(list list-of-executed-commands (list current-maze current-coordinates current-orientation))

;; main recursive function
;; analyses expression-list parameter
;; evaluates its elements 
;; and calls itself on the cdr of the espression-list
 (define (command state expression-list program limit exit)

   (if (and (not (null? expression-list))(equal? stop-command #f))          

      ; recursion end condition, the whole procedure will be done only 
                                              ; if the list is still not empty 

      (if (atom? expression-list)              ;if the list consists of only one command 
         (if (equal? stop-command #f)          ;positive branch - if there were no erros before
             (atomic-command state expression-list program limit exit)            ;call atomic-command on this element 
             ;when flag is set to #t
         ; here comes a problem with "inner ifs"
         (if (atom? (car expression-list))                                         ;negative branch - if the first element is "if"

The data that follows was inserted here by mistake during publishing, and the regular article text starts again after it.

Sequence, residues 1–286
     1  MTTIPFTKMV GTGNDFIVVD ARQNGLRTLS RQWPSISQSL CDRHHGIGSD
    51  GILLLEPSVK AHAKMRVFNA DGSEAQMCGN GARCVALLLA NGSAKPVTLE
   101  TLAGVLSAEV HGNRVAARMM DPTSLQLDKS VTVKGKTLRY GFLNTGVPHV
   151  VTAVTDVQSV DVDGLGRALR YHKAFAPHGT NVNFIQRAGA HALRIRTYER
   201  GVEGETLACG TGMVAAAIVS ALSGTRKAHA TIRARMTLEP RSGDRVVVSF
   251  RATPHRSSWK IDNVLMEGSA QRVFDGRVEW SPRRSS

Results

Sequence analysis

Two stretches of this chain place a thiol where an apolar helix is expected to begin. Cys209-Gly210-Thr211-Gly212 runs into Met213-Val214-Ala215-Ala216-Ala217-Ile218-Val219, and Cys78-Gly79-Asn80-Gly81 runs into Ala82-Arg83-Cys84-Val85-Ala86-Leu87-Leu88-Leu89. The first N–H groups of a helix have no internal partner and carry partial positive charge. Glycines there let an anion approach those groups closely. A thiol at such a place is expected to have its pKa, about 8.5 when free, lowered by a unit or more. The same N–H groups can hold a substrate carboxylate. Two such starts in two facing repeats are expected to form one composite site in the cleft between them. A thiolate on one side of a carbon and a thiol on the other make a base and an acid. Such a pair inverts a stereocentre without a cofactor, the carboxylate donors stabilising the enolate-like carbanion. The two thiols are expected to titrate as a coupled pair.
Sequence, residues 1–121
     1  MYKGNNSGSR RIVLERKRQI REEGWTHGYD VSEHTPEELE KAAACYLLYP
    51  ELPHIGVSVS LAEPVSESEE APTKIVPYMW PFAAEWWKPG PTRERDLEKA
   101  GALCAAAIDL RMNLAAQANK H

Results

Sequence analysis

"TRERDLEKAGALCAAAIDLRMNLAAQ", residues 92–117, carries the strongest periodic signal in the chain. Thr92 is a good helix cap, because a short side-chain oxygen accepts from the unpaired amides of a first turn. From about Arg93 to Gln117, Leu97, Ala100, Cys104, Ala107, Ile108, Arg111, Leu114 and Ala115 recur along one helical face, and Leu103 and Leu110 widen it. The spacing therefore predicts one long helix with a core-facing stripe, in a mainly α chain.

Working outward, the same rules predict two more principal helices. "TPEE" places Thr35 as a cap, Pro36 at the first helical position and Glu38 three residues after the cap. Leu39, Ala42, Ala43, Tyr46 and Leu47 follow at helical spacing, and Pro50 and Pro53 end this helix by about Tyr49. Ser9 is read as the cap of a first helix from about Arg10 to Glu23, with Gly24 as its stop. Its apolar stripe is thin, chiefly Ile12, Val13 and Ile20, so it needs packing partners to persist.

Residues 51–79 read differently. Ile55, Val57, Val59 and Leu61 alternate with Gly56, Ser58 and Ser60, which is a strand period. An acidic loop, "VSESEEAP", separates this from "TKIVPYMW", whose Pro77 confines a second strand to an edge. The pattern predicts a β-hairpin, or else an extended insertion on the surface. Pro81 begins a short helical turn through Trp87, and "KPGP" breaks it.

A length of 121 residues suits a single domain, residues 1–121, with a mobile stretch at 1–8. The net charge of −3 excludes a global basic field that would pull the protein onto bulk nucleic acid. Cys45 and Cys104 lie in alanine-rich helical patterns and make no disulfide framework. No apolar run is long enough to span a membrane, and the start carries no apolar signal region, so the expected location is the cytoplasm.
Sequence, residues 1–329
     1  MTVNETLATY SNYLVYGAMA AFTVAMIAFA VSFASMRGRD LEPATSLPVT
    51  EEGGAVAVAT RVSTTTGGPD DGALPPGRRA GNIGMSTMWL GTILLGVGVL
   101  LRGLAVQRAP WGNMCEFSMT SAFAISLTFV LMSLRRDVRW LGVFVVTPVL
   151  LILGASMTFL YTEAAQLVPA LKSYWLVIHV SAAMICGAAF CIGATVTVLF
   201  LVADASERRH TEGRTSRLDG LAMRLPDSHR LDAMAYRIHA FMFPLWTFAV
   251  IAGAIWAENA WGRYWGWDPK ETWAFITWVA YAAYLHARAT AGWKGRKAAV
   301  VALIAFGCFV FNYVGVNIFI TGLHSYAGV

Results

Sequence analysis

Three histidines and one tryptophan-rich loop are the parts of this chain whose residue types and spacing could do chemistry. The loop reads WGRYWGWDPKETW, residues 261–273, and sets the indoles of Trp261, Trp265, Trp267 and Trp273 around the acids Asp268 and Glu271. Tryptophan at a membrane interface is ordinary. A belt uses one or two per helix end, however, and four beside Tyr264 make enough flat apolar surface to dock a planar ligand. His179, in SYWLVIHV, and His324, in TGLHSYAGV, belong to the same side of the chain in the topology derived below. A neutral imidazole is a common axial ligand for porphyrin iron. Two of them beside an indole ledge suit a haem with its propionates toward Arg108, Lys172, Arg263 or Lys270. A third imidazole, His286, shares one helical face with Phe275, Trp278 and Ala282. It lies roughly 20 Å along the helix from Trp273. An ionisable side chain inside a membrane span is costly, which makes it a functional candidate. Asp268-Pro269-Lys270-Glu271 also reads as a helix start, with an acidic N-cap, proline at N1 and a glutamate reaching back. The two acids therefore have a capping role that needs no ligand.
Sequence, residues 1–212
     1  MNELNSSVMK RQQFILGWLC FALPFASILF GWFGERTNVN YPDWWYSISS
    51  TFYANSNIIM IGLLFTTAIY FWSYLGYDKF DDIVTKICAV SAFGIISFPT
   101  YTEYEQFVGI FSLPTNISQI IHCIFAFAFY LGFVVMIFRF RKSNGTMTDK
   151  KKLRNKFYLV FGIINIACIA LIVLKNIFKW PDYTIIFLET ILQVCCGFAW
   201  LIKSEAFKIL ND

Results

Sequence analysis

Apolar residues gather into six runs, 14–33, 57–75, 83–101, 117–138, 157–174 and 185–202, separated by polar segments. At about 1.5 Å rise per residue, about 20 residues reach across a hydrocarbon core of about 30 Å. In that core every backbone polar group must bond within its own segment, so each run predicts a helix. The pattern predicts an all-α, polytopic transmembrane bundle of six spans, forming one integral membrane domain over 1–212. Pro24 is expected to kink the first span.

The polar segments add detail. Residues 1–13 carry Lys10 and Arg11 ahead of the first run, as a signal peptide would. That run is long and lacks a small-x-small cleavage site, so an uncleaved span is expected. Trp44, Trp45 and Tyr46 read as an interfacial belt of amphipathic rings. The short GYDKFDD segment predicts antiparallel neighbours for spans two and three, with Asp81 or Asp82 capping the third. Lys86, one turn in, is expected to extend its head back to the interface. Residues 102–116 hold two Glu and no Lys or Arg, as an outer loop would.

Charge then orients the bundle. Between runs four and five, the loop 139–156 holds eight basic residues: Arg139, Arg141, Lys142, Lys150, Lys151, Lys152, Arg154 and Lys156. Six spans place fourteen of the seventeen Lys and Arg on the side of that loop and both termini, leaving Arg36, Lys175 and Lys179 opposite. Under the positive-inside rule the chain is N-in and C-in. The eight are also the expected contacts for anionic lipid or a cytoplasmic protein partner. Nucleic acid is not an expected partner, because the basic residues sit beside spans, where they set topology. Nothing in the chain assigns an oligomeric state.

(if (equal? (car expression-list) 'if)                               ;if the list consisits only of if-clause, no other commands ((if ...))
                    (if ((name->function (list-ref expression-list 1)))            ;evaluate the boolean - wall? north? and choose corresponding branch
                             (command state (list-ref expression-list 2) program limit exit)
                             (command state (list-ref expression-list 3) program limit exit))
                    (evaluate-first-and-call-command-on-rest expression-list program limit exit))

              (if (equal? (car(car expression-list)) 'if)                          ;if the if-clause is not the only element in list - "inner if" ((if ...) turn-left put-mark)
                  (begin                                                           ;not only evaluate if-clause,
                    (if ((name->function (list-ref (car expression-list) 1)))
                             (command state (list-ref (car expression-list) 2) program limit exit)